X-15 Science and Engineering
|X-15 flight envelope, charted from
-3 G to +8 G at speeds up to Mach 3.5
|A well-known benefactor of X-15 technology,
Space Shuttle orbiter Discovery returns from orbit
to NASA Dryden at Edwards AFB
The X-15 research program was the last major investigation of hypersonic
and high altitude flight by a manned aircraft. Four decades later, engineers
and researchers still use data gathered by the X-15 as a state-of-the-art
reference for hypersonic aerodynamics.
The X-15 pioneered research leading directly to manned space flight.
Over time this web site will add separate pages with more detailed descriptions
of these areas, with links to those pages to be added in the list above.
A few additional links will lead to more detailed examples of particular
technical challenges and innovations. The first such examples probably will
- New territory in aerodynamics, including validation of computational
models for hypersonic research and design
- Hypersonic stability and control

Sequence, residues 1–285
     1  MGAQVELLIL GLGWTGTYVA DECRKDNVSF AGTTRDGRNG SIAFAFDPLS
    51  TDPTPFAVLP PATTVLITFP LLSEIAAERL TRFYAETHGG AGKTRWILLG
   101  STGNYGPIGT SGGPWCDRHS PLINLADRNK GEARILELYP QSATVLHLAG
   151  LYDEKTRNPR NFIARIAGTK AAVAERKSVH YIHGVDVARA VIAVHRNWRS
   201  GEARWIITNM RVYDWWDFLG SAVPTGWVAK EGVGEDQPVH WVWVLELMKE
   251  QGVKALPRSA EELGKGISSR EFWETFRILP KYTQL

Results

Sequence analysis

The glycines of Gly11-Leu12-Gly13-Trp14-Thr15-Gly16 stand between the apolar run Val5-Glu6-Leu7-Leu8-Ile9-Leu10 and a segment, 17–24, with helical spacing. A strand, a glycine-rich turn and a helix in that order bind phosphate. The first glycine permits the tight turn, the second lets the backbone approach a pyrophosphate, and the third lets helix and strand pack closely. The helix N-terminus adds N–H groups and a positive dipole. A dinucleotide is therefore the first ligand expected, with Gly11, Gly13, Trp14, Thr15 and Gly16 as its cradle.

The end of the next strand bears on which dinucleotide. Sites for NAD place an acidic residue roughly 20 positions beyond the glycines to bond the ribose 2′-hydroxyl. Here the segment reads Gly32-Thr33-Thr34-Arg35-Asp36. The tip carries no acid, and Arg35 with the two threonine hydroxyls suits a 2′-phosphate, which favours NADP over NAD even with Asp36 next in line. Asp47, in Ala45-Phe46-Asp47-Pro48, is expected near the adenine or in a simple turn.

- Severe aerodynamic heating and flight at record-high dynamic pressures
- Rocket propulsion, including the first man-rated throttleable rocket
- Novel systems engineering throughout its airframe
- Pilot life support systems for hypersonic flight and space flight,
including the first true space suit
- Control systems and human interface technology for hypersonic flight
and space flight
- Support systems, procedures, and organizations. Many were
essential for safety of flight. The High Range was a major project to provide
tracking and telemetry reception in real time during X-15 flights.
- Other high-altitude scientific research, carrying instruments to
the edge of space
- Windshields: How to handle everything from frost to cracking from heat
stress and ablative fogging
- Nose landing gear: How to handle complex requirements with a simple
system and keep it from popping open at Mach 4
- Main landing gear: "Hitting the skids" and why control inputs at touchdown
should be the opposite of what's appropriate in "normal" planes
Photo credits and web cross-references for this page:
The X-15 flight envelope diagram is from the North American Aviation
X-15 Flight Manual. This is one of a series defining load limits for several
airframe configurations. This one is for gear up, flaps up, and rocket fuel
exhausted -- a configuration that applies to atmospheric reentry at the end
of an altitude mission.
Send questions and comments on the SierraFoot X-15 web pages to
The Space Shuttle landing is NASA photo EC00-0311-3. This was the end of
mission STS-92, on October 24, 2000.
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